The climate changed in the summer of 2013, after the Egyptian army overthrew Mohamed Morsi, the elected Muslim Brotherhood president. On August 14, as security forces were brutally clearing a pro-Morsi sit-in, an Al Jazeera English presenter asked a Brotherhood spokesperson a valid question: why were women and children still present at a protest that would inevitably be targeted by the authorities? The anchor was almost immediately pulled off the air and reprimanded for being insufficiently sympathetic to the group. For months, she was barred from presenting the news and relegated to a pre-recorded chat show. There was also an internal struggle over how to cover that summer’s protests against Turkey’s Islamist president, Recep Tayyip Erdogan.
Still, much of the English programming remains fair and objective—adjectives that no longer apply to its Arabic sister channel. Shortly after the coup against Morsi, Ahmed Mansour, a prominent anchor, was quoted on the Brotherhood’s website as saying that the interim Egyptian president was a Jew carrying out an Israeli plot. Faisal al-Qassim, another presenter, once hosted a segment on whether Syria’s Alawite population deserved genocide. In 2014, the channel’s Iraqi affairs editor tweeted approvingly about the Camp Speicher massacre, in which the Islamic State killed more than 1,500 air-force cadets in Tikrit after singling out the Shia and non-Muslims. Some journalists quit in protest; the ones who remained continue to push a sectarian, pro-Sunni Islamist line. Though Al Jazeera is still widely watched, its reputation has been tarnished as its ratings have dropped.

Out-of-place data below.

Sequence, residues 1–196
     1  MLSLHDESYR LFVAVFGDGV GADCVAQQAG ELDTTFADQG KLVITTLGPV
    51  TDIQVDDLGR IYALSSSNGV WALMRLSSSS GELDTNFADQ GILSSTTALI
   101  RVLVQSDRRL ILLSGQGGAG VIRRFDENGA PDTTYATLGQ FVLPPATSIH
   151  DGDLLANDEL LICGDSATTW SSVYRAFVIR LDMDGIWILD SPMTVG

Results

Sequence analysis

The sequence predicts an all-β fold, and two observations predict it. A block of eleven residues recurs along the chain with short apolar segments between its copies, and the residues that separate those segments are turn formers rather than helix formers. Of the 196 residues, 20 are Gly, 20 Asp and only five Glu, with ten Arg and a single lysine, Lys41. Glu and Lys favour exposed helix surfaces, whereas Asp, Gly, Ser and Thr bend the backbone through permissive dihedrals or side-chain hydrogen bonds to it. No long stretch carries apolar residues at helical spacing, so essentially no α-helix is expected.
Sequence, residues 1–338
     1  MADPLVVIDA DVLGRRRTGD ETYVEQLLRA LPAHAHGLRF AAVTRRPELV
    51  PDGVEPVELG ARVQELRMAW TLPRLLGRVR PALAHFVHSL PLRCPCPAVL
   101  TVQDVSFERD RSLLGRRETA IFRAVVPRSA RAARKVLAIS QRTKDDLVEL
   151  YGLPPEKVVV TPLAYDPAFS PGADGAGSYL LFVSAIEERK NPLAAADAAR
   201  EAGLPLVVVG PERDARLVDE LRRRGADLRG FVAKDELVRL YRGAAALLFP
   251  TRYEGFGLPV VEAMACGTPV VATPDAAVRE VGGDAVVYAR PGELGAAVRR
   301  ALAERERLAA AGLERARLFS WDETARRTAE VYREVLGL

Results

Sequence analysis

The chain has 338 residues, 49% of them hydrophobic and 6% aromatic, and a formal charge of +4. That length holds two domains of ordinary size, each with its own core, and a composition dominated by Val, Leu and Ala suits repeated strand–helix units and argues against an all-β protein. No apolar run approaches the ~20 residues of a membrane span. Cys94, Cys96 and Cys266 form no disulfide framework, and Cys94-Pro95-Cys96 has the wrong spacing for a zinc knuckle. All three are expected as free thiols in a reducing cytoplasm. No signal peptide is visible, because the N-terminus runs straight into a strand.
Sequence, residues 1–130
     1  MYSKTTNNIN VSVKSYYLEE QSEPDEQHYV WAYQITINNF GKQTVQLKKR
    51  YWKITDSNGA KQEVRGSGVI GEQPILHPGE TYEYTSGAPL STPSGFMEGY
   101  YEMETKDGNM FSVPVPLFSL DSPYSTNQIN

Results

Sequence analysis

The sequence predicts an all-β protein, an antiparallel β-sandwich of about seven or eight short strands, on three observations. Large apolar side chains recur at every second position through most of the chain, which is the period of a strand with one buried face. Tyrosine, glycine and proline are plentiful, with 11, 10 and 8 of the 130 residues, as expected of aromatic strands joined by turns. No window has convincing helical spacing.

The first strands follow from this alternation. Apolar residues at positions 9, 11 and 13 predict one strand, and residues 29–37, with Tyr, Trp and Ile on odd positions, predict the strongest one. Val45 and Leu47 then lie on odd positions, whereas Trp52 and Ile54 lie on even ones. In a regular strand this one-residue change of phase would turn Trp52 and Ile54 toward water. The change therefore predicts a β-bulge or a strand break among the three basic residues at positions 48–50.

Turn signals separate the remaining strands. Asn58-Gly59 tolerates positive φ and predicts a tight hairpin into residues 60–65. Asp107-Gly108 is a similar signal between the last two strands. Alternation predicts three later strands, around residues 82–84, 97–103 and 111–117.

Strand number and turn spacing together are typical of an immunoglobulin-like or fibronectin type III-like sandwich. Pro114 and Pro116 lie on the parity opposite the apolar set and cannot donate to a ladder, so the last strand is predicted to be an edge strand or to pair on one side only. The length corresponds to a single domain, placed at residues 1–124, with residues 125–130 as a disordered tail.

Much of this does not bother Saudi Arabia, which is, after all, the wellspring of the ultraconservative Sunni ideology that has become so prevalent on AJA. The kingdom’s own satellite channel, Al Arabiya, has hosted some of the same sectarian voices, like Adnan al-Arour, a Syrian cleric who once promised to “chop you [Alawites] up and feed you to the dogs.” It also has a reputation for simply making things up, like this unbylined June 7 piece about the Iranian Revolutionary Guard protecting the Qatari emir’s palace.